HAVANA TIMES, Dec. 9 (IPS) — A rousing battle between former Under-Secretary-General Inga- Britt Ahlenius, who once headed the U.N.’s powerful investigating arm, and her boss Secretary-General Ban Ki-moon is threatening to get ugly.
After she sent a 50-page memo highly critical of Ban last July, Ahlenius says she received phone calls from “a former U.N. staff member and also a South Korean with U.S. citizenship” warning her about “acts of retaliation”
The retaliation, she was told, would come from people in “the circles around the secretary-general” and “they would spare no efforts to hit and hurt me in retaliation for my report.”
In a letter to the U.N.’s chief of staff Vijay Nambiar last month, Ahlenius says: “I shared this experience with some people in and outside of the (U.N.) Secretariat and we did not agree on whether this was a friendly warning or whether it was a threat in itself.”
“I chose however to interpret this (phone) conversation from the positive side and as a friendly act,” she adds.
But Ahlenius stressed that Ban does not tolerate any criticism, including “constructive criticism”, of the way he runs the United Nations in his capacity as its chief administrative officer.
The culture and approach is “kill the messenger”, she says using, wittingly or unwittingly, an ominous metaphor to drive home her message.
In her original memo which triggered the threat, Ahlenius, a former auditor general of Sweden and until July the head of the U.N.’s Office of Internal Oversight Services (OIOS), accused the secretary-general of being non-cooperative; of exceeding his authority on certain high-level appointments; of double standards on staff dismissals; and of lacking good governance.
IPS was the only news organization with access to the entire 50-page document which was posted on its website last July.
“I regret to say the (U.N.) Secretariat now is in a process of decay. It is not only falling apart into silos – the Secretariat is drifting, to use the words of one of my senior colleagues,” Ahlenius said.
“I am concerned that we are in a process of decline and reduced relevance of the Organization. In short, we seem to be seen less and less as a relevant partner in the resolution of world problems,” she wrote.
Challenging the very leadership of Ban, she said: “You are undermining the authority of your senior advisers both by affording them short – one year – mandates and also by exercising your direct authority over the appointments of their staff.”
“There is no transparency (and) there is lack of accountability. Rather than supporting the internal oversight which is the sign of strong leadership and good governance, you have strived to control it which is to undermine its position. I do not see any signs of reform in the Organization,” Ahlenius wrote in her “End of Assignment Report’.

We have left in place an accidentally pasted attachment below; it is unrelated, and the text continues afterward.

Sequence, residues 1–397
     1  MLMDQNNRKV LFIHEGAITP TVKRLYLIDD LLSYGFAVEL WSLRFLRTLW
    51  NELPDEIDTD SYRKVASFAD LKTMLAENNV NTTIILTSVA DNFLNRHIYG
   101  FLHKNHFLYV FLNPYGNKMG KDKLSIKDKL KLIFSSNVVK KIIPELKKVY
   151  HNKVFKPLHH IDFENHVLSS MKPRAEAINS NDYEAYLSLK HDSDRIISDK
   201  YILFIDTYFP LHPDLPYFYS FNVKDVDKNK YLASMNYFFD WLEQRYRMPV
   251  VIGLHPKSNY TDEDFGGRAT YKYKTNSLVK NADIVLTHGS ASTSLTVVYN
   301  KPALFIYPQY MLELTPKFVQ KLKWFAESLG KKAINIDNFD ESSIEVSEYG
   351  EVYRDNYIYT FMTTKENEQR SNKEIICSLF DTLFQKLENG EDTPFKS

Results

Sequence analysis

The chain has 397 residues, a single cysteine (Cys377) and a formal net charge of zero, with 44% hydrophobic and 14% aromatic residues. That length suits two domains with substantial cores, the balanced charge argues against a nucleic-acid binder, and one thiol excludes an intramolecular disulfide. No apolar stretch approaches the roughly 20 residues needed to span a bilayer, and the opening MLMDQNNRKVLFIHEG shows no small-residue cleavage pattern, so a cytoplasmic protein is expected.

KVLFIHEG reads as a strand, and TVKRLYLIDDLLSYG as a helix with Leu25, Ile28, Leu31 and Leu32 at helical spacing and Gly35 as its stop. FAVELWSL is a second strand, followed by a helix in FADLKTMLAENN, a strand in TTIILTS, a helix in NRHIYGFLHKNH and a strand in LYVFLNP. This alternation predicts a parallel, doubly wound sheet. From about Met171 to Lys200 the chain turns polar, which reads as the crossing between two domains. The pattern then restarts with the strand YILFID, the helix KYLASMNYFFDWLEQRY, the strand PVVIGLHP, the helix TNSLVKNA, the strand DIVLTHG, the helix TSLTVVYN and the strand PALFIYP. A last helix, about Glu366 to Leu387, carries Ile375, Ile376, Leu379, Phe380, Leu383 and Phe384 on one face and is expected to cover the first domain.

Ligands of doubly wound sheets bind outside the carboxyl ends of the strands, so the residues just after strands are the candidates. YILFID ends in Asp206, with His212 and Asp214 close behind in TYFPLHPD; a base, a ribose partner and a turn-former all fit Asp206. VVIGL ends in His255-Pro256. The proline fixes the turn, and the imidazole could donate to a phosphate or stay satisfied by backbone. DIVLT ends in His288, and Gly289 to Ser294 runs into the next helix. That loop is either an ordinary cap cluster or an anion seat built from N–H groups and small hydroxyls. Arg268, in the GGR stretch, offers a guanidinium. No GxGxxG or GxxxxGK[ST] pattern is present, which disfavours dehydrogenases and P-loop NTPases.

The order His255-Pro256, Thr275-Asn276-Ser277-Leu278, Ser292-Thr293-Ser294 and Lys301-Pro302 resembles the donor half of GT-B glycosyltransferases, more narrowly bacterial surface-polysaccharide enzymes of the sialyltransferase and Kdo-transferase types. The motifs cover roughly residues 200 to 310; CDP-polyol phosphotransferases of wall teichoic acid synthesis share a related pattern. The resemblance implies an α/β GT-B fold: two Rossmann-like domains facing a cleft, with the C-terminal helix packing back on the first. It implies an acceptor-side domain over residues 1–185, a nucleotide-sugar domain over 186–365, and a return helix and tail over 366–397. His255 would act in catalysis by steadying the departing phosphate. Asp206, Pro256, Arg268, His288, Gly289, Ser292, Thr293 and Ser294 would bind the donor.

In a seven-page rebuttal to that 50-page memo, and speaking on behalf of the secretary-general, Nambiar makes his own charges against Ahlenius.
She, in turn, counters with her own five-page response sparking a second round of a full-scale war of words.
IPS, which was given access to the two documents, has posted both memos on its website.
In his letter, Nambiar accuses Ahlenius of having chosen “to resort to misrepresentation of the record and distortion of facts”.
“Particularly disturbing is the way you have chosen to allow your comments to go public even before they were brought to the notice of your colleagues,” the letter says.
Nambiar blames the declining state of the OIOS and its investigative machinery on Ahleinus’s “mismanagement that caused serious damage to the accountability and integrity of the Organization.”
The charge of “mismanagement” appears at least three times in the letter, including a reference to “a glaring example of mismanagement”.
The letter also points out that “despite your generalized erroneous allegations, you have failed to cite any instance of the secretary-general having tried to block or obstruct any investigation, audit or evaluation activity sought to be undertaken by you.”
Nambiar also questions Ahlenius’s lines of authority – where they begin and where they end.
In her memo, Ahlenius raised a number of issues related to political agenda and management reform.
“As to the political agenda,” rebuffs Nambiar, “I do not feel it is necessary to respond to you since it goes far beyond your audit and investigation mandate.”
On issues of management reform, he bluntly tells Ahlenius:
“I believe that your comments on the intensive and extensive management reforms measures of the secretary-general are far beyond the purview of your office.”
In her response, Ahlenius regrets that she is “deeply disappointed by the content and tone of your letter”.
“I was however warned that this would occur, if I dare challenge the secretary-general with a report that would be critical of his performance,” she writes. “My first reaction to you letter is not to respond at all. However, finally, I decided to respond.”
Ahlenius says that “in order to project a credible message to the world and to constitute a relevant partner for the member states in addressing the world’s problems, the Organization must be professionally managed and must be led through example.”
“This administration (of Ban Ki-moon) has hardly done that and your letter is testament to the way in which constructive criticism is viewed by the secretary-general.”
She also criticizes Ban’s efforts “to control OIOS” which she points out “is counterproductive and reflects poorly on his image.”
The U.N. Secretariat is “in desperate need of different management reforms and the secretary-general must himself take the concrete lead and act to assume responsibility, not to simply talk about such ambitions in his speech,” she concludes.